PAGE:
I am currently in the process of slowly jacking the floor in my house with a beam/jack post combination in the basement.
The dining room floor in my 1922 home (recently moved into) had sagged in one quarter of the house approximately 2"-3" from the walls. The problem appears to be the result of the house construction - the load bearing walls on half of the house are offset from the main structural beam (which is visible in the unfinished basement) by about 4'. Apparently, the builder recognized the problem and doubled up the 2x10 floor joists on this quarter of the house; however, the floors have still sagged considerably. The joists span about 18' from the 6x8 beam to the outside wall (there is no sag on the opposite side because the span is only 12'). After much research on how to jack the floor, I have placed a beam across the sagging joists (midway under the 18' span) and have started the slow process (quarter turn of jack posts a week). The first turn of the jacks resulted in lots of snapping and cracking from the old house. My concern now is that the floor joists may not straighten as intended, but may actually crack from the extreme new stress, especially underneath the load bearing wall (there is now an 8' span from the center beam to my new beam, with the load bearing wall about midway). The joists are very old, hard and brittle (you can hardly drive a nail in them). Any advice based on experience with jacking old, brittle wood? Will it straighten or is cracking a concern?
not much experience in jacking floors but from building houses it seems to me that the beam should be under the bearing wall as well as half way on the 18 foot span. the old wood will probably stay in the shape as it is meaning crooked and sagged. as for the cracking sounds im not there to say. id call a local contractor and show him your concerns and see what he would do. sorry not so much help.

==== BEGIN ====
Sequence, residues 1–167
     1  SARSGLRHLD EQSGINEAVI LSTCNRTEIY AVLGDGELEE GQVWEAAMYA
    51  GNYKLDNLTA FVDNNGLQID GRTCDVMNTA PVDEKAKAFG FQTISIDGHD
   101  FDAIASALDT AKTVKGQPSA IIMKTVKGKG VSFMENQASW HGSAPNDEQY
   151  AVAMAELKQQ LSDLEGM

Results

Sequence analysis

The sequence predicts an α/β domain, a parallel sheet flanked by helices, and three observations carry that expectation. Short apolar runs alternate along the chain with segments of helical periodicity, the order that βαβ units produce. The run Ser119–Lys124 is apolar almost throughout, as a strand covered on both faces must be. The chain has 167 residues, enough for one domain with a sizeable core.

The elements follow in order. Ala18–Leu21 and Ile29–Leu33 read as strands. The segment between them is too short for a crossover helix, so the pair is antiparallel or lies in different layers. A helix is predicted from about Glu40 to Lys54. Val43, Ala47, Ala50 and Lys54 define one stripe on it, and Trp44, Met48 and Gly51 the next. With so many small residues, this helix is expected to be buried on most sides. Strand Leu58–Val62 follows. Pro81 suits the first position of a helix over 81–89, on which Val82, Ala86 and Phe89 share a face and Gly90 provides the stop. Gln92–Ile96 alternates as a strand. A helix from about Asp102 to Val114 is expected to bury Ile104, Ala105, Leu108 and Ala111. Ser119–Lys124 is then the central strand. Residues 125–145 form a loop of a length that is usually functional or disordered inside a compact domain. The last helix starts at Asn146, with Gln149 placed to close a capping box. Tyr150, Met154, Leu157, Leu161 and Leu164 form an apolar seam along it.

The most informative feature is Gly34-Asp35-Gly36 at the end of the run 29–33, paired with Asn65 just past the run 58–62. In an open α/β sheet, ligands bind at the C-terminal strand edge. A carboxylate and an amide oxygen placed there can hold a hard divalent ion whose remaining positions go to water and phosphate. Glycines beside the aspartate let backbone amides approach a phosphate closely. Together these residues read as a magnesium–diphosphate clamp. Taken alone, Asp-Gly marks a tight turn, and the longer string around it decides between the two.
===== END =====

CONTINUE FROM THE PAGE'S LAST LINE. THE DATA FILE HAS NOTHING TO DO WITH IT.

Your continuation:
You could try "sistering" new floor joists to the old ones. Place a new joist next to the old. Jack the new joist to take the sag out of the floor and then nail the new joist to the old. The flooring will separate from the old joists in places of sag, but the new will support it when in place.(simplified version).
- 15 Old House Features We Shouldn't Abandon
- 17 Tiny Bathrooms We Love
- 30 Things Everyone Should Know
- 21 Expert Choices for Fail-Safe Paint Colors
- 20 Easy 60-Minute Home Improvements
- 10 IKEA Favorites Made New with Paint
- The Tiniest Appliances You Never Knew Existed
- 133 Smart Storage Ideas for the Whole House
- 16 New Ways to Store Kitchen Necessities
- 8 Ways to Make a Small Room Look Big
- Sweet Dreams: 15 Inventive Beds You Can Make Yourself
- 10 Fall Door DIYs for the Best House on the Block
- The Cheapest Ways to Boost Home Value
- 10 New Uses for Old Doors
- 26 Easy Painted Pumpkins for Halloween
- 15 Once-Popular Home Items Now Vanishing
- 8 Unique Ways to Build Your Own Table
- Woodworking for Beginners: 10 Projects
- 7 Reasons to Reconsider Wallpaper
- 10 New Uses for Old Dressers
- 7 Upgrades You Can Do in Under 300 Seconds
- 10 Thrifty DIY Ways to Organize Your Home
- 12 "Different" Ways to Store Firewood
- 5 DIY Farm Table Projects That Will Last a Lifetime
- Beyond White: 11 Bathroom Paint Colors
- 10 DIYs for a Festive Front Door This Fall
- 10 Creative New Ways to Use Old Bottles
- The 10 Best Things to Buy Secondhand
- 16 Must-See Coffee Tables You Can DIY—Easily!